I wasn’t a great student. Math was traumatic. Science was a wash. History was passable. Even English was dicey. I wasn’t good at reading for comprehension and just skirted by the year we spent on grammar. I always gave it a good try, but I was never going to be a star student. Except when it came to “creative” writing, the broad umbrella term for “stories you make up in order to speak the truths you’re not yet comfortable saying aloud.”
I have always loved telling stories, finding new (and often funny) ways to describe people and places and mundane events. Unfortunately, this wasn’t a regular part of my town’s core curriculum, my storytelling skills were not called on and rarely did anyone take my poems seriously (They were right to do this. They were insufferable. But only I can say that, now.). That is until senior year of high school, when my heart and brain exploded and I finally got to take an entire creative writing course, dedicated to all the silly, stupid, weirdo, embarrassing, emotional, angsty, sad, pretty things I wanted to write about.
My teacher was the best. She was warm and friendly and honest. She knew a large portion of the students were taking the class because it was an “easy” elective, but she still encouraged them to break out of their comfort zone and surprise themselves. More and most importantly, she was the first teacher that told me my writing was funny.
This was major on many levels. I had such low confidence, not just in my academics, but in me, as a person, who wanted to have a voice, who maybe had something to say, but who thought I wasn’t good enough to be listened to. But then my teacher said, no, you are funny, and you should keep writing. Miraculously I believed her and I continued to put my feelings into words. In college and after, I found professors, mentors and bosses, that championed me and my work, but she was the one that got the ball rolling. So I am still doing this now because of her. I owe her a lot.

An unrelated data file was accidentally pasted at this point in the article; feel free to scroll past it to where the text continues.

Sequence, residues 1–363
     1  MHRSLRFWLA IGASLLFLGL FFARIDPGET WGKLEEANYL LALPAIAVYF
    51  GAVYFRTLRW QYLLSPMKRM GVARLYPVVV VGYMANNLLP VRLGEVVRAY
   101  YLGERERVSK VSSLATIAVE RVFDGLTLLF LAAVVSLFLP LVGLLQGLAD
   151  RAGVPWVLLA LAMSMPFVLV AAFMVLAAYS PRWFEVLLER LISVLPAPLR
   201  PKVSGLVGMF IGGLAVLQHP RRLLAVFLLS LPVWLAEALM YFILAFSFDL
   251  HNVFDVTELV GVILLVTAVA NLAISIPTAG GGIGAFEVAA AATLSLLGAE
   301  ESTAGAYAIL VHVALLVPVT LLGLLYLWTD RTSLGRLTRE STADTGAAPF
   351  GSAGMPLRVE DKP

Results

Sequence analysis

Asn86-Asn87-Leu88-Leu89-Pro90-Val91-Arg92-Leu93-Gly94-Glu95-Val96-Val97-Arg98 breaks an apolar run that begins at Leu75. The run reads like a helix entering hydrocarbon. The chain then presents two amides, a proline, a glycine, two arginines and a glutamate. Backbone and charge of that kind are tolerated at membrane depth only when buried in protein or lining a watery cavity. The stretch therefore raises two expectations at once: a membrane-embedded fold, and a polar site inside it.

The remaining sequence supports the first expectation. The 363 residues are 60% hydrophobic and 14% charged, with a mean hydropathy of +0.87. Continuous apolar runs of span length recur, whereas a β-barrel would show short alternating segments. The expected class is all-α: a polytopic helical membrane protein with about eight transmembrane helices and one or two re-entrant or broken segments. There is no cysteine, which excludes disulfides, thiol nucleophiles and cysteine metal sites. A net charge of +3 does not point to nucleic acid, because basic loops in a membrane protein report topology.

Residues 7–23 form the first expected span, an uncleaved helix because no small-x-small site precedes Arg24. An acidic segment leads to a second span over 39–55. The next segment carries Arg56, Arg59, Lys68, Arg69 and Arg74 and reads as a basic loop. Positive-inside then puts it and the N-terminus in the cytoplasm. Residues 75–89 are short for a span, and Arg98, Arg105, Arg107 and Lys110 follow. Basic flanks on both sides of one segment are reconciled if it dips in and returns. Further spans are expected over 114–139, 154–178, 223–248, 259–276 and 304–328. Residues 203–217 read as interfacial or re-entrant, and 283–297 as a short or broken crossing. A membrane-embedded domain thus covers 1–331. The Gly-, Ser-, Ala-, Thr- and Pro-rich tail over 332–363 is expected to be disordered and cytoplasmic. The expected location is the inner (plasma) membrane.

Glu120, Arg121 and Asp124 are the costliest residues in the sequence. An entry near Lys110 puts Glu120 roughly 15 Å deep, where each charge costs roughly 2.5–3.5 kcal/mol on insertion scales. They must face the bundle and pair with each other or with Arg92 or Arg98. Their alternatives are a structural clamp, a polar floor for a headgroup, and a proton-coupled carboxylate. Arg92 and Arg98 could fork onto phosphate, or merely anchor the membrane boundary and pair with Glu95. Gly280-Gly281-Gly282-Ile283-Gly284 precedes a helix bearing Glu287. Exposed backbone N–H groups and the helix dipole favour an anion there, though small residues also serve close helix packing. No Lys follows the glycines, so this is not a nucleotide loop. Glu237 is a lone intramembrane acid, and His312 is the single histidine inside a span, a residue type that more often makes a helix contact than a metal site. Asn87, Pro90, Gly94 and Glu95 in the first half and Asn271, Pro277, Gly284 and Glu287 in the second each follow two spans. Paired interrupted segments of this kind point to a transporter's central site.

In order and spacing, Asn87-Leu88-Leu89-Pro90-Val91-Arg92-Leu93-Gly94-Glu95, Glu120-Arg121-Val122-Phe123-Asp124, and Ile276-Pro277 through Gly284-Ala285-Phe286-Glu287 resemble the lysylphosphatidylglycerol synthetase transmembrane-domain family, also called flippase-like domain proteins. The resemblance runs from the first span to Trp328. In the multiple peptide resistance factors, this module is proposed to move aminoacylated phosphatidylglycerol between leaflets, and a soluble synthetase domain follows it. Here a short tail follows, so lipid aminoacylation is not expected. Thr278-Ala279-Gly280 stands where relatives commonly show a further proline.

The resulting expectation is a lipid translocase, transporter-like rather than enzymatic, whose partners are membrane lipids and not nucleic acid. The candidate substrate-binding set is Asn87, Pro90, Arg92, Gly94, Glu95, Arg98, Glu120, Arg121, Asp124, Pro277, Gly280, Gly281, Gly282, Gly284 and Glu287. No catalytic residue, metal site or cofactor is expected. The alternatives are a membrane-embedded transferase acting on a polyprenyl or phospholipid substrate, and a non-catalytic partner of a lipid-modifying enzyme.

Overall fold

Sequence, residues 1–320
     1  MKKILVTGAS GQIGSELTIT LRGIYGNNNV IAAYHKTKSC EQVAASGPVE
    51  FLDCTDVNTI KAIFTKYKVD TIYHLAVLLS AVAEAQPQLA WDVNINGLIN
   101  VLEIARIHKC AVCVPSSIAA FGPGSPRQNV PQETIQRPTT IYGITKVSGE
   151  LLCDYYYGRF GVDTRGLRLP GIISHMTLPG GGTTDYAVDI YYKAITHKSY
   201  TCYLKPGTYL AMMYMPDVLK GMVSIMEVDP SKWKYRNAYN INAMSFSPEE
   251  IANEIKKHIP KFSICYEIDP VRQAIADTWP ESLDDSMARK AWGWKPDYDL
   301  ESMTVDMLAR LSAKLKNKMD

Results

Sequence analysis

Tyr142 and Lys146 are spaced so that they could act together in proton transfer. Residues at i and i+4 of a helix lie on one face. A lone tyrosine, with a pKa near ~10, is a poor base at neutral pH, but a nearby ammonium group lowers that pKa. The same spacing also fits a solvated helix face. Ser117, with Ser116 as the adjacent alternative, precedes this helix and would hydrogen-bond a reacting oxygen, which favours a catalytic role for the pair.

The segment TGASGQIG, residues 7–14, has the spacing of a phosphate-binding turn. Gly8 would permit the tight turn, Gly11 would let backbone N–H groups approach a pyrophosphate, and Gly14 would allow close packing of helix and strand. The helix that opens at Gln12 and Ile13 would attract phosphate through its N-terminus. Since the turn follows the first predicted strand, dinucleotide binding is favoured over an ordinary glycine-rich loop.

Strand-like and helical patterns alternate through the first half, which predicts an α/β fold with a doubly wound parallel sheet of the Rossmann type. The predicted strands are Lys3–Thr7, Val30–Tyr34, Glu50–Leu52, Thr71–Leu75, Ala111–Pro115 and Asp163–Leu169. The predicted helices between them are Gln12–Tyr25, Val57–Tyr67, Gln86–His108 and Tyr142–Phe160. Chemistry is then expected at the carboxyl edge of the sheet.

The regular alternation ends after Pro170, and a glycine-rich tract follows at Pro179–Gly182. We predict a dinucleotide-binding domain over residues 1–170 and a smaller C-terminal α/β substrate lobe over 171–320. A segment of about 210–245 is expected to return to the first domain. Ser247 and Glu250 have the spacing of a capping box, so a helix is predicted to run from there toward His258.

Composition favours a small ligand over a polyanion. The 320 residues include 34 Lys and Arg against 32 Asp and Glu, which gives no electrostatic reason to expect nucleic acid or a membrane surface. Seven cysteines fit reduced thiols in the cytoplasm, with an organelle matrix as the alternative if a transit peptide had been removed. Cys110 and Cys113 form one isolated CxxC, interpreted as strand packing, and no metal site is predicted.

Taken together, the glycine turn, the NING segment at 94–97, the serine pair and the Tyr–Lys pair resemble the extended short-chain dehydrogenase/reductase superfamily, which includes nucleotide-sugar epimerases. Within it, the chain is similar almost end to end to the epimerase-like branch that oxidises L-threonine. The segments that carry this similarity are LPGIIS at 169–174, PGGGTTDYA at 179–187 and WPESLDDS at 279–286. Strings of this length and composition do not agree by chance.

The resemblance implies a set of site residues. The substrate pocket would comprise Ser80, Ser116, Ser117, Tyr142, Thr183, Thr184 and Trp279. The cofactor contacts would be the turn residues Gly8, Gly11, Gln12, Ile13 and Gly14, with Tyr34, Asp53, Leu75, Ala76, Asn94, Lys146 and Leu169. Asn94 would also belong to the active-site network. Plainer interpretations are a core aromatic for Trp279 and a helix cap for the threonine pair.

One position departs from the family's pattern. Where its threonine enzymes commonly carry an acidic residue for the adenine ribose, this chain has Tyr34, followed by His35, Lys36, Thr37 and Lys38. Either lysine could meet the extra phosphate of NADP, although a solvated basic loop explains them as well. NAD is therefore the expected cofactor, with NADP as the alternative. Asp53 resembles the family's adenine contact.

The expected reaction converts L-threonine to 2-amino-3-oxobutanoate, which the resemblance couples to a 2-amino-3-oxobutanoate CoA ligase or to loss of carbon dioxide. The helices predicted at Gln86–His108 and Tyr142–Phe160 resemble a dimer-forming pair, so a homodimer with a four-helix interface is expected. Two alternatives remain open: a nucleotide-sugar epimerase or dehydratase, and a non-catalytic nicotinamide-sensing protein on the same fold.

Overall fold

Sometime in the year she gave everyone this poem by Margaret Atwood. I’ve had it now for 13 years, it’s wedged between the pages of a photo album. I had it up on my bedroom wall and carried it through college, Chicago and now in Brooklyn. It’s a moving meditation about the difficulty and beauty of the world. It still holds up.
My teacher died suddenly yesterday and, like so many times in the past 13 years, I returned to the poem. I’m devastated by her loss, and I cry for her family, her current students and all the future generations that will never know her warmth and encouragement. I’m having trouble finding any comfort but if there is any light, it’s this poem which I will always treasure and will always make me think of Mrs. Yamamoto.
By Margaret Atwood
You begin this way
This is your hand
This is your eye
That is a fish, blue and flat
On the paper, almost
The shape of an eye.
This is your mouth, this is an O
Or a moon, whichever
You like. This is yellow.
Outside the window
Is the rain, green
Because it’s summer, and beyond that
The trees and then the world,
Which is round and has only
The colours of these nine crayons.
This is the world, which is fuller
And more difficult to learn than I have said.
You are right to smudge it that way
With the red and then
The orange: the world burns.
Once you have learned these words
You will learn that there are more
Words than you can ever learn.
The word hand floats above your hand
Like a small cloud over a lake.
The word hand anchors
Your hand to this table,
Your hand is a warm stone
I hold between two words.
This is your hand, these are my hands, this is the world,
Which is round but not flat and has more colours
Than we can see.
It begins, it has an end,
This is what you will
Come back to, this is your hand.